Lab-grown cocoa? Celleste Bio backs plant cell culture to solve ‘chocolate supply crisis’

Celleste Bio co-founder and CTO Hanne Volpin with the brown stuff she hopes to revolutionize. Pic: Lawrence Harris

Israeli start-up Celleste Bio is building momentum to disrupt the chocolate supply chain… by growing cocoa in a lab.

Formed in July, the firm has already attracted the interest of Big Chocolate with Mondelēz International onboard with undisclosed seed funding.

Other backers include food-focused venture capitalist, Barrel Ventures, Israeli agricultural co-op Regba Group and agri-food and medical tech VC, Trendlines.

Celleste Bio’s USP utilizes cell culture to grow high quality cocoa without the plant waste and devastated rainforests and primate populations in west African countries such as Côte d’Ivoire and Ghana where around 60% of the world’s cocoa is sourced.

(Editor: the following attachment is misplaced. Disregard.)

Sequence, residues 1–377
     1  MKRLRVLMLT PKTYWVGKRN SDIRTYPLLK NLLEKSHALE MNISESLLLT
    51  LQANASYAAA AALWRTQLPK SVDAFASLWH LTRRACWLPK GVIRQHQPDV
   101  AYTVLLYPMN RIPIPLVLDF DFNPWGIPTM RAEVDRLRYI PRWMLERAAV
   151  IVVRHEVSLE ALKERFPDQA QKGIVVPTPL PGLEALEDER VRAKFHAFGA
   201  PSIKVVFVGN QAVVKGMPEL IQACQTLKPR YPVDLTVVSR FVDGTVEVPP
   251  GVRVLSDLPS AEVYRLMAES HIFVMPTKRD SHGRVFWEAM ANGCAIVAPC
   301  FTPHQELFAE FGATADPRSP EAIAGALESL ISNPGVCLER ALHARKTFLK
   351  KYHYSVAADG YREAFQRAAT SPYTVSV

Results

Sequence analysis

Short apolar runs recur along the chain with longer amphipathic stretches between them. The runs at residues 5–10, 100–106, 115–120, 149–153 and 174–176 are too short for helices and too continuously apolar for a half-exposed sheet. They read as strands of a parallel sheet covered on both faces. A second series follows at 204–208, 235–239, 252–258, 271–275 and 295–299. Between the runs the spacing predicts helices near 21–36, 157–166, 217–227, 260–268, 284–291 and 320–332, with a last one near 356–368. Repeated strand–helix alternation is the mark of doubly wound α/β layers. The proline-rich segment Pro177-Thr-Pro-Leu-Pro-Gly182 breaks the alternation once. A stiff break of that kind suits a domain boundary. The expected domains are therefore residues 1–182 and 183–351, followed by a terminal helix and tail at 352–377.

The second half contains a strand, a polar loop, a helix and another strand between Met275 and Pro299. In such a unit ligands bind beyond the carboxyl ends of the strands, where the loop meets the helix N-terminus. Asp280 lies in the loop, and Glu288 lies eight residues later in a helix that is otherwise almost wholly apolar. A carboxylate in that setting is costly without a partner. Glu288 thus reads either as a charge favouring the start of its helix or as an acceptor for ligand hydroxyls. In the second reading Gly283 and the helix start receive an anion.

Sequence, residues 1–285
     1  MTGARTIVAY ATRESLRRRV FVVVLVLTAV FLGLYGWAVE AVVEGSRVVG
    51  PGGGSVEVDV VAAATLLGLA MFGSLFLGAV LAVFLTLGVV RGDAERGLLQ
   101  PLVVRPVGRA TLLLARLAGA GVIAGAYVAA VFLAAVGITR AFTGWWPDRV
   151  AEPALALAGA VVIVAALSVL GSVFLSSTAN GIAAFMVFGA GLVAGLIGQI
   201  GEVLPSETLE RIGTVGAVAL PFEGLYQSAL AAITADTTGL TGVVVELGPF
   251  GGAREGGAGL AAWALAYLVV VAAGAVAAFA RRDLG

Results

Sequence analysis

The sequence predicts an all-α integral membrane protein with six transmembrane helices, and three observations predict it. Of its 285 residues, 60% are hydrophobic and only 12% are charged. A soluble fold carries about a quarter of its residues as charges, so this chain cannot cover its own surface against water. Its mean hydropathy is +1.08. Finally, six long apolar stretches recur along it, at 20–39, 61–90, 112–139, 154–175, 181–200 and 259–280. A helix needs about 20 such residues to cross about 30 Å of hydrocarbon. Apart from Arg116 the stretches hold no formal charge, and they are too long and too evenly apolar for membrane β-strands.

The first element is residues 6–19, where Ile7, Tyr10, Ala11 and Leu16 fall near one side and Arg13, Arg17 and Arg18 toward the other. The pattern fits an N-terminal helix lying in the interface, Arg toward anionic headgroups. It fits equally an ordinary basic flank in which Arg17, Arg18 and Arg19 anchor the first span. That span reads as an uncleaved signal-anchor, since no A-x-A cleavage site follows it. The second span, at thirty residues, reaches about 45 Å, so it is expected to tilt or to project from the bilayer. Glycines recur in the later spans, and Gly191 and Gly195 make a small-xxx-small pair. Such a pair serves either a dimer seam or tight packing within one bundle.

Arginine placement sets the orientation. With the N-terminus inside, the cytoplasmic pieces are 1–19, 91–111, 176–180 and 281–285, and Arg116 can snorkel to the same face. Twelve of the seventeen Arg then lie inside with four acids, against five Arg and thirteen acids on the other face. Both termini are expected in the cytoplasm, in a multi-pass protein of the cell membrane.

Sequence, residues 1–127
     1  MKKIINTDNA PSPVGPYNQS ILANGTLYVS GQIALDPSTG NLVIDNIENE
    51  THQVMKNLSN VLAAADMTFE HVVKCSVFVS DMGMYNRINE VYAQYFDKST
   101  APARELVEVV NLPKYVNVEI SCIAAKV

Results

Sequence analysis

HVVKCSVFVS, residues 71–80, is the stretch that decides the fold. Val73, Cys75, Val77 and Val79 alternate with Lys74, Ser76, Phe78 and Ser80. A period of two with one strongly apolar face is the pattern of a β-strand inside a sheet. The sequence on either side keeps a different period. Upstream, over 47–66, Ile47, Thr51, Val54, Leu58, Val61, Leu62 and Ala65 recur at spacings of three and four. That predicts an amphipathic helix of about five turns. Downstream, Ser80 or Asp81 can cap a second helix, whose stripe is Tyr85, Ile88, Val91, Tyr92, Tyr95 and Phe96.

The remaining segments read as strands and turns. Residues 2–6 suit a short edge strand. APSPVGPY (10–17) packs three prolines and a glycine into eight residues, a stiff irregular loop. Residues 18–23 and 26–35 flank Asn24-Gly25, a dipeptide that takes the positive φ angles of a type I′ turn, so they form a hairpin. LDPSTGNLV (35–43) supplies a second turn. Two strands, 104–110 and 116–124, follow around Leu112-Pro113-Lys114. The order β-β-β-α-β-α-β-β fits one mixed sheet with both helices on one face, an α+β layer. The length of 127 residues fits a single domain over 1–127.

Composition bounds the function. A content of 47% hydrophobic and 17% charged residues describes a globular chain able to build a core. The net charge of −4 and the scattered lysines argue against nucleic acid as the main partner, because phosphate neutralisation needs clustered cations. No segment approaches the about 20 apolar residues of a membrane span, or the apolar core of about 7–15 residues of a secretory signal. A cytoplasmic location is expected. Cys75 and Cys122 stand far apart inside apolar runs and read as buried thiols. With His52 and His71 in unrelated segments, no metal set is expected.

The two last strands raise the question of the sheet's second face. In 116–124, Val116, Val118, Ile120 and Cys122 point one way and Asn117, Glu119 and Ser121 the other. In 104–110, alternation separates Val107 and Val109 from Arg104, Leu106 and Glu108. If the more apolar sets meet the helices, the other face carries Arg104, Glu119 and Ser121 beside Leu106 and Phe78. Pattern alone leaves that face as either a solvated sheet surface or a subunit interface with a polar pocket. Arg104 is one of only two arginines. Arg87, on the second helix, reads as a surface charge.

“Why grow something where you use less than 1% of the entire biomass of what you are growing?” Celleste Bio co-founder and chief technology officer Hanne Volpin told FoodNavigator-USA. “And why grow a food we really don’t need on increasingly sparse arable land? We could collectively decide never to grow it again or we can get creative and look at alternatives."

“We don't have to wait until we have no more chocolate bunnies to solve that problem. And it turns out companies like Mondelēz International are interested in this for reasons both biological and environmental.”

More here...

Author: Shane

Scribe. Mostly about nutrition, food & health.